This article studies audio description, a form of intermodal (or intersemiotic) translation that renders visual and, occasionally, auditory information in a verbal-vocal form for the benefit of visually impaired people. It compares visual and verbal representation in the context of narrative film in which space is strongly cued through the visual channel . The focus is on shot distance, which controls the amount of space visible in a shot. The study analyses how shot distance is reflected in audio description by syntactic and semantic means. Four different-language audio descriptions of two films were analysed, contrasting the visual source text with the verbal translation. The study aims to show how audio description can make use of diverse representational strategies and linguistic devices in rendering shot distance. These strategies and devices could be used purposely to compensate for visual cues so as to give an idea of space similar to that conveyed by the visual representation.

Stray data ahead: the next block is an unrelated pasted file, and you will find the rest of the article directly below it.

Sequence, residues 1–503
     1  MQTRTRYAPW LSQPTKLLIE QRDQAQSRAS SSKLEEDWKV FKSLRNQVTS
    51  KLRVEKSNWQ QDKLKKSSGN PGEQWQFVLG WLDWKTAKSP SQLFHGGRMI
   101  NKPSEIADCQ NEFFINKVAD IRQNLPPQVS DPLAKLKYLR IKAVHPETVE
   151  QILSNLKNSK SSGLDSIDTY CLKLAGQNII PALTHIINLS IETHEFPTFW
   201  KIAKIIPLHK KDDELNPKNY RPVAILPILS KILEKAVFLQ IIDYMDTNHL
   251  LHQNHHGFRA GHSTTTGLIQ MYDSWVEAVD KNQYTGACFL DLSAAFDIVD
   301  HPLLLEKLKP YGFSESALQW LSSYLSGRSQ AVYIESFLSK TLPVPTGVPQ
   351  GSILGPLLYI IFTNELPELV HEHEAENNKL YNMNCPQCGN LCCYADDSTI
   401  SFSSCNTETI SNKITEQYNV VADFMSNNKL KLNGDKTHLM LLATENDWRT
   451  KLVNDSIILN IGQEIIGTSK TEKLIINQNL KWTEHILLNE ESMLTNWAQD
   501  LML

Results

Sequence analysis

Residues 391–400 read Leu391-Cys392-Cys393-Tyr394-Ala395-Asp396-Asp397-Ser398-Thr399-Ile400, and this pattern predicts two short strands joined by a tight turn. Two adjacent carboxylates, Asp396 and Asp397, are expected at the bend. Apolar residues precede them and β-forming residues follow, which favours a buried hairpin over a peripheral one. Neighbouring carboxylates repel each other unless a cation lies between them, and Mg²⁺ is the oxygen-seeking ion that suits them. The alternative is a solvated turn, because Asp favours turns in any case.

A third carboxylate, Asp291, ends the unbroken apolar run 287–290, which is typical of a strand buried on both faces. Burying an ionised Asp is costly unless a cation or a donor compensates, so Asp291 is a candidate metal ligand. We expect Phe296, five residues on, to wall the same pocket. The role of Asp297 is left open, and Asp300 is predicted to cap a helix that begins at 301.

|New Voices in Translation Studies
|Julkaistu - 2012
|A1 Alkuperäisartikkeli tieteellisessä aikakauslehdessä